The initial decision of CUP to censor its own journal would have further reduced the already limited access of mainland Chinese to academic analysis about their own country.

I learnt about how little the mainland Chinese knew about the third ‘T’ – Tiananmen – when I worked at the University of Hong Kong, or HKU, a few years ago. I asked one of my mainland Chinese PhD students to show a visiting professor around the campus, including the so-called ‘Pillar of Shame’, a Tiananmen Square memorial statue erected by students at HKU in 2009. She later told me that she had never even heard about the Tiananmen Square massacre before arriving in Hong Kong.

It is this degree of ignorance, even among its graduates, that the mainland Chinese government wants to maintain.


The CUP controversy is just the latest high-profile example of the complicity of the West in helping Beijing to close down debate. The wider threat to academic freedom within the academic community is self-censorship: skating over or simply avoiding controversial or taboo subjects in teaching or research that might cause offence.

In reality this is much more insidious and widespread than direct censorship. The majority of PhD students in Hong Kong, for example, are from the mainland and there are also large numbers now studying in the West. These PhD students will shortly swell the ranks of university academics all over the world. Yet, how free will they be to speak their minds?

Academic freedom is easy to exercise when one has little to lose, although there will always be a handful brave enough to speak out whatever the personal risks. But how unfettered do Chinese academics feel to exercise academic freedom if they still have family ties in mainland China, regardless of whether they have a Western passport?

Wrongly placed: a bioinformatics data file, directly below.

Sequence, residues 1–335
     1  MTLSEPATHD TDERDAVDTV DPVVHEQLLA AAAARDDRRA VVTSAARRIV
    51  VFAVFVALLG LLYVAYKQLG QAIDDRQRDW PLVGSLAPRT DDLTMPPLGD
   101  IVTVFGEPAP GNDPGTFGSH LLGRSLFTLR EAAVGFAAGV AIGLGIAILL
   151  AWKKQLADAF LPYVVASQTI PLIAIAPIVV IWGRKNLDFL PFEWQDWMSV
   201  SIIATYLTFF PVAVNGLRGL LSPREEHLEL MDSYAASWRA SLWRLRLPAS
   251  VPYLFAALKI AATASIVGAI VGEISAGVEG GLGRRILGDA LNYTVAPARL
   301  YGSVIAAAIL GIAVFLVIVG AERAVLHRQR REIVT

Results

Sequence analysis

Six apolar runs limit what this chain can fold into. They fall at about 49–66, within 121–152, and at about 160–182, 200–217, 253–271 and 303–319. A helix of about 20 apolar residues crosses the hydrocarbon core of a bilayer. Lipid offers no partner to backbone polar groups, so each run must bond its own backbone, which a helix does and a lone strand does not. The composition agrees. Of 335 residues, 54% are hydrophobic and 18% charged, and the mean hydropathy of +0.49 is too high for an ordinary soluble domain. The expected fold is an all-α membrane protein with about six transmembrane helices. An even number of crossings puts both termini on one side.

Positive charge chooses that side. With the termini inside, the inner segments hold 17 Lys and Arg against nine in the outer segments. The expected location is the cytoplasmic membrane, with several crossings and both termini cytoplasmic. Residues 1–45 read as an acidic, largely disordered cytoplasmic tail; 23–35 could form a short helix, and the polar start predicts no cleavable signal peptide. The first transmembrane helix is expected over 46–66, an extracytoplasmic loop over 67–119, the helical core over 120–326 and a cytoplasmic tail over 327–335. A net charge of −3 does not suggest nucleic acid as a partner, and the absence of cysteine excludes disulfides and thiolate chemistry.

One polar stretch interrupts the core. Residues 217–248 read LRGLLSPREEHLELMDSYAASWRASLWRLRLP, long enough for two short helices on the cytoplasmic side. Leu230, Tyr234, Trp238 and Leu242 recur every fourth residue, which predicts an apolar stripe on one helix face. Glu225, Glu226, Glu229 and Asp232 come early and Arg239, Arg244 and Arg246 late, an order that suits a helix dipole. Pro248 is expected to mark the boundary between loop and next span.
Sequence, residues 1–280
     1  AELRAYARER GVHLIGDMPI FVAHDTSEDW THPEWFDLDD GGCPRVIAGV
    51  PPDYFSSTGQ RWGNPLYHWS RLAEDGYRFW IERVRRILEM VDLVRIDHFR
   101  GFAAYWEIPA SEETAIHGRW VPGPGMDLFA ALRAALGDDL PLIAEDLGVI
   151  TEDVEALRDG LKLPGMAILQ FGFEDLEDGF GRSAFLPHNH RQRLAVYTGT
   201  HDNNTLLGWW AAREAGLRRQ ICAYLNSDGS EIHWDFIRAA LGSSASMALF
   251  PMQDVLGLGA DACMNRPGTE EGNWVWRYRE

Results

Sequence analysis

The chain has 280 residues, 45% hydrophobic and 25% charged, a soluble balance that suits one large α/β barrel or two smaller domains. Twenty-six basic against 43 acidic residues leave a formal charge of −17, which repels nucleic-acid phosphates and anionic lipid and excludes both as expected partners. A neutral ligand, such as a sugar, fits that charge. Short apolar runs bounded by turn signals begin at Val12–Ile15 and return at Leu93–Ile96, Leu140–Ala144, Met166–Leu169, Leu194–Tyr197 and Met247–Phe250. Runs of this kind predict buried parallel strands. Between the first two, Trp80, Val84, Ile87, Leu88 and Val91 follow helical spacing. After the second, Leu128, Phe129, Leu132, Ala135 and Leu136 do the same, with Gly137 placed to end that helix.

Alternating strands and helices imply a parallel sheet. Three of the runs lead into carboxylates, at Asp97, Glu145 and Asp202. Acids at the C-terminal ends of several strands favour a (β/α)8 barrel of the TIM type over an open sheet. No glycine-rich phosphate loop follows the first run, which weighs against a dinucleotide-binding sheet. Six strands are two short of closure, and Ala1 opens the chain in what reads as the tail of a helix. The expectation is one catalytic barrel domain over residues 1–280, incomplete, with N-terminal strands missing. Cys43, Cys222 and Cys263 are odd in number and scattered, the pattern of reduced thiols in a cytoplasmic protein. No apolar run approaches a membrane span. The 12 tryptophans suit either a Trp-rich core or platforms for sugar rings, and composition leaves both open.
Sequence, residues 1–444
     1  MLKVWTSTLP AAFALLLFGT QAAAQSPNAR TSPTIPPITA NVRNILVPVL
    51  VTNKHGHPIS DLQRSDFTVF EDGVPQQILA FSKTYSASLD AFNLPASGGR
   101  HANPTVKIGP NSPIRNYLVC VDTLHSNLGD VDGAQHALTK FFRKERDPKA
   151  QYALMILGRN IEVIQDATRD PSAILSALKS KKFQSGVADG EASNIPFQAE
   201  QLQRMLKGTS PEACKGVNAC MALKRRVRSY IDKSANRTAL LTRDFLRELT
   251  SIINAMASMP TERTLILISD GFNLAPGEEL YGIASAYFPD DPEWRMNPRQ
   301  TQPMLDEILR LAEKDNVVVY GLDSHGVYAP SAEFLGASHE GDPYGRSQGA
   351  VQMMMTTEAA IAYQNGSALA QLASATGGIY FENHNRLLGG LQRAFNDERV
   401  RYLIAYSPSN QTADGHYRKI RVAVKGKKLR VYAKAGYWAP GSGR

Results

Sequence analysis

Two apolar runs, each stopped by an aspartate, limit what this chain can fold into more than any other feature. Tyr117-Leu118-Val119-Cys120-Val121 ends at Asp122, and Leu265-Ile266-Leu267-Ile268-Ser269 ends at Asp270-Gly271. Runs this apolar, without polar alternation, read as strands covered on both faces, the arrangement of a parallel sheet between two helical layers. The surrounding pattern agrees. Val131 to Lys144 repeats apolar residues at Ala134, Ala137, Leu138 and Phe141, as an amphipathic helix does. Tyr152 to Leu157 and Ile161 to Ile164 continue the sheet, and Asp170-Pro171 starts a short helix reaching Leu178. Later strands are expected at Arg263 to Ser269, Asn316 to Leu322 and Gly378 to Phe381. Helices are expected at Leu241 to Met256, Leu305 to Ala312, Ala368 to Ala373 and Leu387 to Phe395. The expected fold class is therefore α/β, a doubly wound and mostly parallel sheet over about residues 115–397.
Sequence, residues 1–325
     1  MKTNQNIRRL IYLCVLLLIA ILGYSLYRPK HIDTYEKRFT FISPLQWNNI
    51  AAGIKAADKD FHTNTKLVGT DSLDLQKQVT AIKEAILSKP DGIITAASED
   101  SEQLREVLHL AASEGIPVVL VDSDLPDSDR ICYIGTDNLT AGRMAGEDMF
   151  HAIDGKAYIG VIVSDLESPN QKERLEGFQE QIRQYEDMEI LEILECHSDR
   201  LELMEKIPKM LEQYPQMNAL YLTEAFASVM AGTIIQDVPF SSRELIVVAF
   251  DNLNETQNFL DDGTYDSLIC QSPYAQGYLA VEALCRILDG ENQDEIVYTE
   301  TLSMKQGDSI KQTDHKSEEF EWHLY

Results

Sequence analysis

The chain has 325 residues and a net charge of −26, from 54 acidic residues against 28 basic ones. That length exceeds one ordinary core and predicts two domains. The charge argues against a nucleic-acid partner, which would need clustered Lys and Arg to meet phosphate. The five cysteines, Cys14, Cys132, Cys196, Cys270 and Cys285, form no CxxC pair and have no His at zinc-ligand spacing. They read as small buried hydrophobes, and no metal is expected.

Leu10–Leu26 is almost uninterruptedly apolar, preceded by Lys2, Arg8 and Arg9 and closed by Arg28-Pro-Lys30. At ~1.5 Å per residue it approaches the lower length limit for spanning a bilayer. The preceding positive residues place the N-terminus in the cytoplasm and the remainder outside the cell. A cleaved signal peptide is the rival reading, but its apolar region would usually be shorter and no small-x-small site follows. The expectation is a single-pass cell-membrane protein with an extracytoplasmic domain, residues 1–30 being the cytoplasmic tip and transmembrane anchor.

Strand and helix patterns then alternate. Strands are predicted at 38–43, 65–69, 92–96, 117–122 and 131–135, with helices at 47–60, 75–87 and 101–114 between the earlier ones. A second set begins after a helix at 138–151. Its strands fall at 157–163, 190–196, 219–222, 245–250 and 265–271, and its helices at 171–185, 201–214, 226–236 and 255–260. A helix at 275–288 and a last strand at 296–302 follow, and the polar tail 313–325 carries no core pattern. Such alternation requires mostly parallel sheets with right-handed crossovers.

Even if they hold citizenship at a safe distance, their relatives back in mainland China may pay the price through harassment and other forms of retribution if they choose to exercise their academic freedom abroad.

Universities in the UK have been major beneficiaries of the gravy train in students coming to study in the West from mainland China. But if universities still believe in their own founding principles – enlightenment and precious knowledge in the case of the University of Cambridge which owns CUP – they need to demonstrate this in the way they deal with naked attempts to shut down debate and academic freedom.

This ought to apply as much in opening up our own Western taboos to scrutiny – such as the legacy of slavery and colonialism – as in ensuring that those subjects regarded as off-limits by Beijing are debated openly and freely.

Bruce Macfarlane is professor of higher education at the University of Southampton, United Kingdom.

Related Links
CUP reverses China censorship after academic uproar
China pressures respected journal to censor articles
Research could suffer as internet controls tightened
China restricts academic access to historical archives